22 favorite mobile apps: Appy Hour on the Future Trends Forum

In June of 2018, the Future Trends Forum ran an experiment. We didn’t host a guest, as we usually do. Instead, we hosted an “Appy Hour,” a session where we invited participants to simply share their favorite mobile app for learning. (The idea came up during the June 7th Forum discussion. Kudos to the community for thinking of it!)

The experiment turned out to be… a wild success. People jumped onto video to share app after app. Discussion flowed freely.

This wasn’t done programmatically. I didn’t pick or pre-load ready-to-go speakers. Several days before the event I fired off a mass email, as is customary for each Forum. When I started the session, I introduced the topic then simply opened the floor to volunteers. This was very ad hoc and organic.…Read More

The best (and newest) mobile apps for college students

It comes as no surprise that the mobile apps market is flooded with educational options this time of year, as college students head back to school and look for ways to put their smartphones and tablet apps to good use.

A new app automatically silences your phone during class.

And in case you weren’t aware: a recent survey from CourseSmart showed that 53 percent of college students said they would be more likely to complete required reading in time for class if it was available digitally or could be accessed on a mobile device. Eighty-eight percent of students said they have used a mobile device to study for a test at the last minute.

That’s a 10 percent jump from the number of students who admitted to mobile cramming last year. The results show a clear desire for more academically-geared mobile apps.

ConsumerReports.org has released its annual list of the latest free educational apps designed for students, and eCampus News staffers have picked out three apps that could prove most useful during the 2013-14 academic year.…Read More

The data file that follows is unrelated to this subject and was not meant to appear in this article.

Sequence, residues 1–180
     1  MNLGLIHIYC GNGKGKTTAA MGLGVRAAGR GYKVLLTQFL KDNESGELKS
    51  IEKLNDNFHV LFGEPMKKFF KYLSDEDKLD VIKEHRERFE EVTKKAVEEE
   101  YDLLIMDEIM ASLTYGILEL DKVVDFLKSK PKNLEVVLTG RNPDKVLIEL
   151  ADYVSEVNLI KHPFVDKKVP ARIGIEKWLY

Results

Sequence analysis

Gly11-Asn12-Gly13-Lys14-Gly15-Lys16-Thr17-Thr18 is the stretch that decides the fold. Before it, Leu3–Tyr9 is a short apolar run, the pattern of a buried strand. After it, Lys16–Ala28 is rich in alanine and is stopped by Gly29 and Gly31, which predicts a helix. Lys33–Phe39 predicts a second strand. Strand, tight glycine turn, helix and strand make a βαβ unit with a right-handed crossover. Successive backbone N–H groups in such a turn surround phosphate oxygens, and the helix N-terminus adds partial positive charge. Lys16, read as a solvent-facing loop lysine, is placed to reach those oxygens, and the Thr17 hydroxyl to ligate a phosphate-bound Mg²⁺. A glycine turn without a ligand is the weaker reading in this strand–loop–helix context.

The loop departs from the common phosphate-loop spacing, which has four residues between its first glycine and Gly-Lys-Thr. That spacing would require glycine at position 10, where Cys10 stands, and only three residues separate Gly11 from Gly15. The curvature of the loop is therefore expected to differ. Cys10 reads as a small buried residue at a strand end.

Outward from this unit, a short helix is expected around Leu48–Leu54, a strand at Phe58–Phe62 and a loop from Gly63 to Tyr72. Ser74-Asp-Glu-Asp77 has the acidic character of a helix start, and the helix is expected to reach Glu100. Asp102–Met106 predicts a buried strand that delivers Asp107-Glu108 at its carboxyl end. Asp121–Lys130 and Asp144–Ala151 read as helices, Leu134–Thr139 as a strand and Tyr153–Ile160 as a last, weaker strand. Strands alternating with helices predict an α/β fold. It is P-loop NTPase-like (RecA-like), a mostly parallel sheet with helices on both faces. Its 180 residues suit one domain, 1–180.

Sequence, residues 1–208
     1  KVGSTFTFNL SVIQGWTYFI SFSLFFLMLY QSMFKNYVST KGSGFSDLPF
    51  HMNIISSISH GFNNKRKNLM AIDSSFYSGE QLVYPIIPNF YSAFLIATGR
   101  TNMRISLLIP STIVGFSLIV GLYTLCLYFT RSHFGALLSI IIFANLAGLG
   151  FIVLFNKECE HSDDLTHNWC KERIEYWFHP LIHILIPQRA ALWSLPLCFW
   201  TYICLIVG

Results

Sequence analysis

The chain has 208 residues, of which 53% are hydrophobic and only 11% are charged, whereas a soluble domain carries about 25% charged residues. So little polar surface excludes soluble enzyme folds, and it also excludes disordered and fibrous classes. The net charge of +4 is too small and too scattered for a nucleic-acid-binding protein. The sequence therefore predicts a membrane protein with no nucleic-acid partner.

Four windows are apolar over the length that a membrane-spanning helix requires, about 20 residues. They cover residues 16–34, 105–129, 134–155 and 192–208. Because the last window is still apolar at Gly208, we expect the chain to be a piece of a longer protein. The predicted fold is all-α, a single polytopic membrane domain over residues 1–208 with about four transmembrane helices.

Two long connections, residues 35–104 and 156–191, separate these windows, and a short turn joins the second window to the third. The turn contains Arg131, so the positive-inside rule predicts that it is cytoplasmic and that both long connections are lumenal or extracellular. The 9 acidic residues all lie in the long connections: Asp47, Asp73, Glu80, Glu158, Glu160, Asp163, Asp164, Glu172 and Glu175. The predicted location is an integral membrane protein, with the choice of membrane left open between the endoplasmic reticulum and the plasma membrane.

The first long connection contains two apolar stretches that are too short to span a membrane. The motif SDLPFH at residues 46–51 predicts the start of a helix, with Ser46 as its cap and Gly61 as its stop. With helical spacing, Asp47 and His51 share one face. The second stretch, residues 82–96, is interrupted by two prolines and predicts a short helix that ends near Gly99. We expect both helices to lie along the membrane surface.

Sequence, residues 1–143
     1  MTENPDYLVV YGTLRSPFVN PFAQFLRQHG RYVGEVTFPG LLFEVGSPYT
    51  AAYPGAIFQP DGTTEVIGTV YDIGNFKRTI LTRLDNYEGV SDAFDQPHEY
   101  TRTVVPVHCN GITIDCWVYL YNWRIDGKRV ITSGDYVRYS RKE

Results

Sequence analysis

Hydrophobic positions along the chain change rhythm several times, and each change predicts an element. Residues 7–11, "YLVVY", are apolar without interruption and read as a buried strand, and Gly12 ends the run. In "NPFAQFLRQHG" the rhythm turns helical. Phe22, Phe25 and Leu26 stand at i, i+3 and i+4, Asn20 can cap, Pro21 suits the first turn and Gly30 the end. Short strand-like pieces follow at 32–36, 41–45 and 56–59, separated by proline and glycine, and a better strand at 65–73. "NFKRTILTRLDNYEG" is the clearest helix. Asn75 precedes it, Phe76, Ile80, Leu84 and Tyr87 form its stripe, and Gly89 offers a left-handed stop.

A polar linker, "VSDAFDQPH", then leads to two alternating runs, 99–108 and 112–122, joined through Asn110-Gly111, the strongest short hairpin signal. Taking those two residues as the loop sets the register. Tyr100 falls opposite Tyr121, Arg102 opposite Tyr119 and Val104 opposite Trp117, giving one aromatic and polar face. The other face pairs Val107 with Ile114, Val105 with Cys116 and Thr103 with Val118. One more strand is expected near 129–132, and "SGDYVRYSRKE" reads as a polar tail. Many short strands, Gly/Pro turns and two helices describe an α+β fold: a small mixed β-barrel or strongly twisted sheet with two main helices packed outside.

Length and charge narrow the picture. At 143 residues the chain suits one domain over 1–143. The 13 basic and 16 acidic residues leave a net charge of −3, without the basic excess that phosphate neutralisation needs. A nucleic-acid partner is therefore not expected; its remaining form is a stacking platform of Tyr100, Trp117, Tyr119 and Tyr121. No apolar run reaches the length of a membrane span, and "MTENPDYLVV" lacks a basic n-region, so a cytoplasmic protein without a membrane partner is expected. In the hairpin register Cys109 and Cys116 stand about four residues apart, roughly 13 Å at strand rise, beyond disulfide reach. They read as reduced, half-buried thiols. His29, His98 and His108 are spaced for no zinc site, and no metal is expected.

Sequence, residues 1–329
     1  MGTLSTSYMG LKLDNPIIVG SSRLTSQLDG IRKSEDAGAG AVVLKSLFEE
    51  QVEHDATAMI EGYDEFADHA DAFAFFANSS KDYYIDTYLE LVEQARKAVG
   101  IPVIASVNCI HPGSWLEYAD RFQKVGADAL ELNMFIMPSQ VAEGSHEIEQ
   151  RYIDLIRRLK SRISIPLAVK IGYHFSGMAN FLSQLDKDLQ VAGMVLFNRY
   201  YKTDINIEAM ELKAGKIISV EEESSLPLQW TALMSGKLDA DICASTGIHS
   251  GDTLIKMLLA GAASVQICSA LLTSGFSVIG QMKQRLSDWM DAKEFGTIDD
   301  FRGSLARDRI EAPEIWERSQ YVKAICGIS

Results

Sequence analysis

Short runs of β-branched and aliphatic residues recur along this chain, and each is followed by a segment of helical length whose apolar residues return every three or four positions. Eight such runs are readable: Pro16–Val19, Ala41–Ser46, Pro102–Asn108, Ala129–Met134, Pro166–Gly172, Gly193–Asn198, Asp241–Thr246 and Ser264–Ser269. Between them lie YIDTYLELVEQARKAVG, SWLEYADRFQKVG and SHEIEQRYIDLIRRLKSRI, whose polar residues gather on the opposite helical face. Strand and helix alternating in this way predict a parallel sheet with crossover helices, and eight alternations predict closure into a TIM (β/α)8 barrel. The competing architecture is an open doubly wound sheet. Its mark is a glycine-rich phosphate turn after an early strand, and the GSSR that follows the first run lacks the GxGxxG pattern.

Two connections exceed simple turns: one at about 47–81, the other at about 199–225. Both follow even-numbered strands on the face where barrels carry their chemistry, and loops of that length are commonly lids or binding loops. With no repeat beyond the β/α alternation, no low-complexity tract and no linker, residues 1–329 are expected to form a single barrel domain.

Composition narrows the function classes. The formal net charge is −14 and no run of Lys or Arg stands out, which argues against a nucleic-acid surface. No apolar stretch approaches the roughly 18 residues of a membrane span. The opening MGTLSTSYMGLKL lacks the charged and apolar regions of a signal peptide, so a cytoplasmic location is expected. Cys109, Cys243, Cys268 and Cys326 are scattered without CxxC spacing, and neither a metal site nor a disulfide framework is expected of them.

Students step up to deliver university mobile apps

Entrepreneurial university students are filling a void of mobile developers in Queensland by building and selling applications to the University of Queensland and its students, ITNews reports. Former UQ student Aaron McDowall, together with fellow student Kim Hunter, built the university’s navigation app UQnav in 2011, as part of their Bachelor of IT studies. They successfully sold it to the university, which later hired them. The app has received more than 53,000 downloads. The university has since launched an open day application and has an O-week app in the pipeline. “Maps was one of the deficiencies that had been brought to their attention,” McDowall told iTnews. “They then approached us with the view that they would like to buy the app off us and the IP associated with it, and also hire us both to continue developing it to get it to a first release state.” Hunter has since gone on to work with a local mobile development company, while McDowall has stayed on within the university’s IT services department.

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Mobile apps make college sporting venues more like home

Colleges have struggled to install Wi-Fi networks in football stadiums.

Stanford University’s athletics department released a smart-phone application this fall that might help the stadium experience compete with the ever-improving living room experience.

The crystal clarity of big screen high-definition TVs, the boom of surround sound, and the convenience of a kitchen a few steps away—all advantages of the couch-bound sports fan, who doesn’t have to fight circuitous lines for nachos and a soda, and who has a perfect view of the field from start to finish.

Stanford unveiled two mobile applications that could add convenience to an often inconvenient day at the school’s sports venues.…Read More